|CRIMINAL JUSTICE: Bob Brzenchek joins Peirce's Criminal|
Justice department as an Assistant Professor
Not only does Bob have a highly impressive resume of hands-on experience, he also holds a master's degree in Strategic Intelligence with a concentration in Terrorism Studies from American Public University System, and a bachelor's degree from George Mason University. He is currently working toward his Doctorate of Philosophy in Business Administration & Homeland Security Leadership with Northcentral University, and previously headed up to the Criminal Justice Department at Virginia College.
It's this marriage of academic prowess and boots-on-the-ground experience that makes Bob a great addition to our Legal Studies department. You'll be seeing his presence on campus, where he'll be teaching classes, and also here on the blog as an author. To get the ball rolling, we asked him to answer a few questions so you can get to know him better.
Q: Bob, you have an extraordinary background of criminal justice experience in many different fields. What inspired you to get into education?
A: When I was a cop in Washington D.C., I sat in on one of the classes that my colleague taught at Georgetown University and thought it was great. Then after getting out of the police force in D.C., I applied to an institution called ECPI based out of Norfolk that helped enlisted naval personnel transition back into civilian life. But overall, I truly have a passion for educating our next class of criminal justice professionals.
Q: There are many parallels between your life experiences and those of our students. You're currently working and going to school, and have a military background. What makes you excited about working with Peirce students?
A: I think that it's an opportunity. I'm originally from Pennsylvania, and I think there's a lot we can do to serve students in Philadelphia as well as produce quality job candidates in this region. I've even reached out to colleagues in New York and Washington D.C. who can help us really prepare these criminal justice students and make an impact in this area.
Q: What classes are you teaching?
A: Right now I teach Criminology and Introduction to Criminal Justice. Introduction to Criminal Justice is a very hands-on approach to starting students off on the right foot. I like getting in and starting on the ground floor, so to speak, with students at the beginning of their degree programs.
Q: What are your goals for the Criminal Justice program at Peirce?
A: My vision is to give our students the hands-on experience and diverse educational backgrounds they need so they can hit the ground running with the skills employers are looking for. I've spoken with a lot of hiring agencies and they are looking for students who've done observations with mobile crime labs, the Philadelphia Police Department, and other agencies. And they also want employees who've surpassed a varied curriculum.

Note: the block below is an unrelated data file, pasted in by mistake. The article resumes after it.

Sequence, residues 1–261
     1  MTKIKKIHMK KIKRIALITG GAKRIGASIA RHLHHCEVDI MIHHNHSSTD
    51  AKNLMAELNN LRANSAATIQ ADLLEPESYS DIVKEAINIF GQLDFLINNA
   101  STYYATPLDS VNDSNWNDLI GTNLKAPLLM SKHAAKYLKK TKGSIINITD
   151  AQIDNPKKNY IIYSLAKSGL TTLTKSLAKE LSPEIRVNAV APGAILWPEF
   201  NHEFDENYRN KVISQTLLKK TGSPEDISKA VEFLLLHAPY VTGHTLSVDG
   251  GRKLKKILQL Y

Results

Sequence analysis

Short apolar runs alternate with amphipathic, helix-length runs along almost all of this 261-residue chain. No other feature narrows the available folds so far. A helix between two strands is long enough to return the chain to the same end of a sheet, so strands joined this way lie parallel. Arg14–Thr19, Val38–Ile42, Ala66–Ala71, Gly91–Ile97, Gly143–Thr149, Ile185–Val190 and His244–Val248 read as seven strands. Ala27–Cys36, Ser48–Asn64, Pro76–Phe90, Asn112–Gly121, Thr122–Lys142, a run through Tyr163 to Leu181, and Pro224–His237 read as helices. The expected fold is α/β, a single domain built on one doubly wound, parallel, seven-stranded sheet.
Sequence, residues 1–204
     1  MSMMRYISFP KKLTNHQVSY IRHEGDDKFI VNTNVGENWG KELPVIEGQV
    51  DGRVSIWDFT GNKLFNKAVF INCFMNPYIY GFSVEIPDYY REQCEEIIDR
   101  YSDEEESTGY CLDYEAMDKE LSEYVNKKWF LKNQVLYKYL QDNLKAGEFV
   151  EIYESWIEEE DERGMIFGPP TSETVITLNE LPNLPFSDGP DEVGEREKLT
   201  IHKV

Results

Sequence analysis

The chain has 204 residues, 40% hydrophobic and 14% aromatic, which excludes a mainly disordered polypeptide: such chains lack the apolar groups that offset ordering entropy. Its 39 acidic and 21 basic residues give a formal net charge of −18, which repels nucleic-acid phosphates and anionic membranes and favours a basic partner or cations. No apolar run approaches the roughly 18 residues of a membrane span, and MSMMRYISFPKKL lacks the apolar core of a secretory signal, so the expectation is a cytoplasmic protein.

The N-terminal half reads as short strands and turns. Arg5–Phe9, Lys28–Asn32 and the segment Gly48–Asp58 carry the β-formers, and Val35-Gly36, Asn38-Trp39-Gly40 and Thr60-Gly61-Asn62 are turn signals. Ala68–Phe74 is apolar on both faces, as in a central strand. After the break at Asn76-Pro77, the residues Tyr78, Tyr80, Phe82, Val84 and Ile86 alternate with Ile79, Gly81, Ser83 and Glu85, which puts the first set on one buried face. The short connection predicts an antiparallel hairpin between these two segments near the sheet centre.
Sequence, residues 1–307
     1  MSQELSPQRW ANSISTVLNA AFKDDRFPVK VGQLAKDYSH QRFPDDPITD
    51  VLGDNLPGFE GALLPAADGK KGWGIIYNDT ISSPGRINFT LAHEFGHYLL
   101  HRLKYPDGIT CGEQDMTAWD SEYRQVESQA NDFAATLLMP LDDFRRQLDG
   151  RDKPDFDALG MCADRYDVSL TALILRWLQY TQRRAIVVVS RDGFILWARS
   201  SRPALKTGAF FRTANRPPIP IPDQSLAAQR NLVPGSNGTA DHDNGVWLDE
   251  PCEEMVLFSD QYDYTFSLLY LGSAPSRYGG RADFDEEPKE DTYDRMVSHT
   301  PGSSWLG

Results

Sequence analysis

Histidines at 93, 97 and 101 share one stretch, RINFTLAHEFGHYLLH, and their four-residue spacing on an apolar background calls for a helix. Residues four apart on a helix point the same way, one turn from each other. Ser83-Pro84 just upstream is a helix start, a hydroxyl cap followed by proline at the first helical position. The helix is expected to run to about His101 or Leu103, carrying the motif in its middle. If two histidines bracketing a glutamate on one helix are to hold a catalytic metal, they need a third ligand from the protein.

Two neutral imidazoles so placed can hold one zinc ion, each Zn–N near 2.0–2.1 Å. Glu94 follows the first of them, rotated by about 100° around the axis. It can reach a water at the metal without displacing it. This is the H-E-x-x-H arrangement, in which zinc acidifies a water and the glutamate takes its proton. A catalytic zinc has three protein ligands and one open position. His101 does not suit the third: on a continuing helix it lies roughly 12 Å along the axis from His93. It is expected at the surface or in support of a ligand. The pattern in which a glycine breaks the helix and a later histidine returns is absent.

Q: Why are you excited to be at Peirce?
A: Everyone -- the staff, faculty, and students -- has been tremendous here. The staff and faculty have been open to my vision of the program. They value what I say, and we've created a great dialog and communication. On top of that, everyone has been very welcoming to me. I also think the College's standards are great. I like the fact that there are small classes so I can work with students one-on-one. I like the location and the history. The fact that this institution was started in 1865 and it was here to service Civil War veterans so they could transition back into civilian life, very similar to our veterans currently from Iraq and Afghanistan, is fantastic. We have been doing this for 148 years, and it shows.
Q: Do you have anything you'd like to say to Criminal Justice students?
A: Well I would like to basically put out there that what you see is what you get. I'm no nonsense and you have to hold yourself to a higher standard in the criminal justice industry. I hold myself to that standard and I do the same with our criminal justice students. You don't get in the profession for money. You get in it for the love of making an impact on society. Criminal justice professionals -- whether in the courts, law enforcement, or corrections -- are the difference between social disorder and peace. So I expect students to take their education seriously. You have to lead by example, and if you don't lead by example, you're not in the right profession.
Keep your eyes on the blog for more updates from Bob on our Criminal Justice program. Welcome to the College, Bob!